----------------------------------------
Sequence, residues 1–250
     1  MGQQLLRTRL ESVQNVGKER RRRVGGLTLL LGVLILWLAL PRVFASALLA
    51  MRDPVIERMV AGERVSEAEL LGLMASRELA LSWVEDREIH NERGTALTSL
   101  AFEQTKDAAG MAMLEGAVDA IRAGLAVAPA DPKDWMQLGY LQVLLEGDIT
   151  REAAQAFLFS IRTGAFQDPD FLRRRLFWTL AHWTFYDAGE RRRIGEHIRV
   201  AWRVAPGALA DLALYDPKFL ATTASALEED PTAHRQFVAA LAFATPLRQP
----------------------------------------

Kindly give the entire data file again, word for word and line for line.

Sequence, residues 1–250
     1  MGQQLLRTRL ESVQNVGKER RRRVGGLTLL LGVLILWLAL PRVFASALLA
    51  MRDPVIERMV AGERVSEAEL LGLMASRELA LSWVEDREIH NERGTALTSL
   101  AFEQTKDAAG MAMLEGAVDA IRAGLAVAPA DPKDWMQLGY LQVLLEGDIT
   151  REAAQAFLFS IRTGAFQDPD FLRRRLFWTL AHWTFYDAGE RRRIGEHIRV
   201  AWRVAPGALA DLALYDPKFL ATTASALEED PTAHRQFVAA LAFATPLRQP